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Critics like to slam Microsoft for its aggressive competitive tendencies. But Microsoft is also pragmatic, and for the last two years the company has been licensing technology to competitors in the Linux, mobile phone and other spaces. The trick for Microsoft is licensing property that helps competitors interoperate with Microsoft tools, such as allowing cell phones to tap into Exchange.

Oh, and don't expect a free license: These deals could be a key source of profit in the future as the company is selling something it built long ago. And, in many cases, the technology is cross-licensed, so Microsoft gets something cool in return.

So We're All Crazy?
The general perception of the world, the IT community and Redmond readers is that Microsoft software has far too many vulnerabilities, leading many to consider Linux on servers instead of Windows, and fueling a resurgence of Macintosh interest. But Wipro, a U.K. IT consulting company, says we are all horribly mistaken, that Windows is more secure and cheaper to keep protected than Linux.

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The study focused on the cost of updating and patching systems, and found Windows to be cheaper. That is not such a surprise, as Microsoft has streamlined patch releases, built free Windows-only patch tools -- and IT has gotten pretty used to patching the OS (it has done it plenty of times!).

But the Microsoft press release headline implies that Windows itself is more secure and less risky that Linux, a conclusion the report doesn't seem to justify. I only wish it were true.

SMB Just Begging To Be Hacked
The Gartner Group is warning that hackers are getting set to go after a Server Message Block (SMB) flaw recently patched by Microsoft. Apparently there has been a surge in SMB port sniffing to feel out the flaw. Check out bulletin MS05-027 for the skinny on how to patch this puppy.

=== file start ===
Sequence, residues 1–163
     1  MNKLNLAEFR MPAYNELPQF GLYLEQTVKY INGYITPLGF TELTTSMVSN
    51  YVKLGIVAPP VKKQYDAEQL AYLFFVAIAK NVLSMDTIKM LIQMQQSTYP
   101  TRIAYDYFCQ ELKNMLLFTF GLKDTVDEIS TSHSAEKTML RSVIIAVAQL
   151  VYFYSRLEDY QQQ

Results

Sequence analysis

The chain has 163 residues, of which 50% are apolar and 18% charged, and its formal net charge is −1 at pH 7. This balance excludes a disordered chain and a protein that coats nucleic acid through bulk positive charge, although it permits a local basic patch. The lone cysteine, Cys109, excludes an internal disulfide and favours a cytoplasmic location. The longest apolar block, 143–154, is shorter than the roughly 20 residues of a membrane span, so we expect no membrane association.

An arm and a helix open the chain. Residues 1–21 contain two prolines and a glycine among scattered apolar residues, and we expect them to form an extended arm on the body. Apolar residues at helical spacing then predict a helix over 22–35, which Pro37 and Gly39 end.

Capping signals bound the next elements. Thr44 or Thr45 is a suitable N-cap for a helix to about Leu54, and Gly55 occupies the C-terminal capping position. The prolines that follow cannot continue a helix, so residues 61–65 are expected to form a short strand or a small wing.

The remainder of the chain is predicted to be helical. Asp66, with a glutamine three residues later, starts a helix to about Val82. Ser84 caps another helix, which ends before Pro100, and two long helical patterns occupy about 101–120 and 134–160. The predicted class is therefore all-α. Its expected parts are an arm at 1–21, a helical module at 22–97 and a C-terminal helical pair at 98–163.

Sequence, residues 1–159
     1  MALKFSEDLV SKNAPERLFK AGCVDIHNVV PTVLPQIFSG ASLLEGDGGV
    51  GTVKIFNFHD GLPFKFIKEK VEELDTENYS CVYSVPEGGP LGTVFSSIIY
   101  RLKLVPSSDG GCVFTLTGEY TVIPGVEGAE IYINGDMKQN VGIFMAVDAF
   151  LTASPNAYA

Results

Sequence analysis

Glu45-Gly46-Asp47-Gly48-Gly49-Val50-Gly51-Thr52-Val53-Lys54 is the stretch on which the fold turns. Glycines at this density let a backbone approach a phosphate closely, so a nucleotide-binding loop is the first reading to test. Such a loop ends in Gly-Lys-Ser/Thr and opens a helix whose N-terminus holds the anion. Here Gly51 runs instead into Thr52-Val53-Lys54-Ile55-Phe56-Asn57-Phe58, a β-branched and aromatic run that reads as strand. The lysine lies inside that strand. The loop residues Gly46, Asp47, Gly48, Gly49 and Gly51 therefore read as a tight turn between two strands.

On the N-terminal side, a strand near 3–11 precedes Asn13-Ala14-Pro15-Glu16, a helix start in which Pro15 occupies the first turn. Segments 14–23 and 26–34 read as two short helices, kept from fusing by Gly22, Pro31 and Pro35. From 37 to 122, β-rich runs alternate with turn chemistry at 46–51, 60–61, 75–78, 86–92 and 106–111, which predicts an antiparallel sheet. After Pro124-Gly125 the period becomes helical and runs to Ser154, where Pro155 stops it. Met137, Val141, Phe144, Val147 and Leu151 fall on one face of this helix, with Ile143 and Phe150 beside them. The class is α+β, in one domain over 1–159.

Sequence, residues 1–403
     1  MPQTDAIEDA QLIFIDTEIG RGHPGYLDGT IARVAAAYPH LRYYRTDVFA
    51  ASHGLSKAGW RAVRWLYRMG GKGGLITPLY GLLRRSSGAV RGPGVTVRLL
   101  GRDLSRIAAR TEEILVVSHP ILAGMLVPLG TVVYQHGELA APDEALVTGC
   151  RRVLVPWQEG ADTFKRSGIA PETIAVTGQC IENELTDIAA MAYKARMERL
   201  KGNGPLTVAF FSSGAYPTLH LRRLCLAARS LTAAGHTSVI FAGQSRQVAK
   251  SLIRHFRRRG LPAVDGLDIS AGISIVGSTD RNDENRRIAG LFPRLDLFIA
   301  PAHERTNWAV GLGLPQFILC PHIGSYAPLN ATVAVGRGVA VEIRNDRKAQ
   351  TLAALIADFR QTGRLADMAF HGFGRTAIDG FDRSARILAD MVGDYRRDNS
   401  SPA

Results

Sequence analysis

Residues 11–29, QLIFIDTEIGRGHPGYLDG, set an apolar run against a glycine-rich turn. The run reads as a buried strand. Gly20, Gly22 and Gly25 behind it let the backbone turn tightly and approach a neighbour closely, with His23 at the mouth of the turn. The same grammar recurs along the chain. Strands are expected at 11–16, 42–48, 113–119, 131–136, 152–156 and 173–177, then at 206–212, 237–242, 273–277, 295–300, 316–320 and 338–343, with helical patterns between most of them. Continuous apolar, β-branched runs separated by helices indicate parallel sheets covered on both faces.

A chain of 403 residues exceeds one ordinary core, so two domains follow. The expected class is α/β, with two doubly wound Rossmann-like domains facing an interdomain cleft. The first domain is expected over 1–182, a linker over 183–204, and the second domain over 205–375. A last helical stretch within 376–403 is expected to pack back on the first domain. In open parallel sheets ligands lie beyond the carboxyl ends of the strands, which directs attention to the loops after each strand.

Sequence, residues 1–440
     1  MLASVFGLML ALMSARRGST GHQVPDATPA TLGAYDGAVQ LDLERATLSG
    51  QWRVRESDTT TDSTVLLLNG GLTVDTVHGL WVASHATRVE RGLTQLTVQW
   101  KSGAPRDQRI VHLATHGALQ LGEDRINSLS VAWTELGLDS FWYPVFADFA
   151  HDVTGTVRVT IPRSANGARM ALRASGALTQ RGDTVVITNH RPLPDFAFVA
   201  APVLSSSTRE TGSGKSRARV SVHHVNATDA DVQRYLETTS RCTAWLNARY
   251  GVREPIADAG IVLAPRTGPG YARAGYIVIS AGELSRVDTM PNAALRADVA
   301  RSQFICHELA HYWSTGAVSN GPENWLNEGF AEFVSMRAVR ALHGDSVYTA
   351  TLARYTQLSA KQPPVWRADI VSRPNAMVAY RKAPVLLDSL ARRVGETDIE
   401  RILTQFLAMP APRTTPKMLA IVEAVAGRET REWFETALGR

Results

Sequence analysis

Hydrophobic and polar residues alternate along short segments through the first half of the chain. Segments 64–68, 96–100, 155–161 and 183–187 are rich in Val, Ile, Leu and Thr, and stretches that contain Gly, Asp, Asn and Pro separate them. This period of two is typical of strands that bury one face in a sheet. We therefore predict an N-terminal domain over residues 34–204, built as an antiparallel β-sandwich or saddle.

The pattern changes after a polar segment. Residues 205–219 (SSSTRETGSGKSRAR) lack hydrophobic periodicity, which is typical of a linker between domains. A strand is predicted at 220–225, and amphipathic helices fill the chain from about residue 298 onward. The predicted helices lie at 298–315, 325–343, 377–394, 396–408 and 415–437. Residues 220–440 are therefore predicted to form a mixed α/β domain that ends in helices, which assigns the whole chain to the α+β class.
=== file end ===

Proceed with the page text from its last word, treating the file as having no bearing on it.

IE's Fertile Phishing Grounds
Redmond magazine's Scott Bekker reports a new phishing technique that affects IE and other Web browsers. The problem is having multiple overlapping browser windows. The scammers can hide their bogus forms inside legitimate sites with legitimate URLs, so you believe you are giving financial and personal information to a company you do business with. Nasty.

No Longer Invited to Bill's Birthday?
Former Microsoft CFO Greg Maffei has gone over to the enemy camp. No, he's not working for the U.S. Department of Justice. Even worse, Maffei is working directly for Larry Ellison as the new co-president and CFO of Oracle. No word on whether Maffei will try to revive the dead-as-a-door nail Network Computer.

Pet Peeve, Part 2: Readers Chime In
Last week I complained about printing Web pages and having just the ad print or the right-side text chopped off. I got lots of readers telling me to use Firefox, which I have installed on a home PC along with OpenOffice (both installs thanks to David, my 12-year-old son).

This weekend I was back at it, printing page after page from IE for a research project—the vast majority printed wrong. And pages from will print wrong unless you choose the printer-friendly option buried at the bottom of the page.

IE has 8 billion features, so why can't it do the most basic thing right all the time? Redmond Report readers share my pain and offer some answers.

Don has this suggestion, which I've used. It helps, but not all the time:
"You're right that Internet Explorer often prints the wrong thing from a page. Here's a trick you can try: Always select the Print Preview first and then print from there. For some unknown reason it seems to do a better job in selecting the main portion of the screen."
- Don

Rick has another idea:
"I have a solution for you: STOP PRINTING! Instead, just grab the text with Cogitum Co-Citer and place it in your organized, searchable collection of goodies found on the web! Check it out at There's a companion product for images Cogitum Co-Tracker, also. Best of all, they're free for non-commercial use!"
- Rick

And finally, Adrian has this to say:
"... and that's why 6 percent of us (and growing) now use Firefox."
- Adrian

About the Author

Doug Barney is editor in chief of Redmond magazine and the VP, editorial director of Redmond Media Group.


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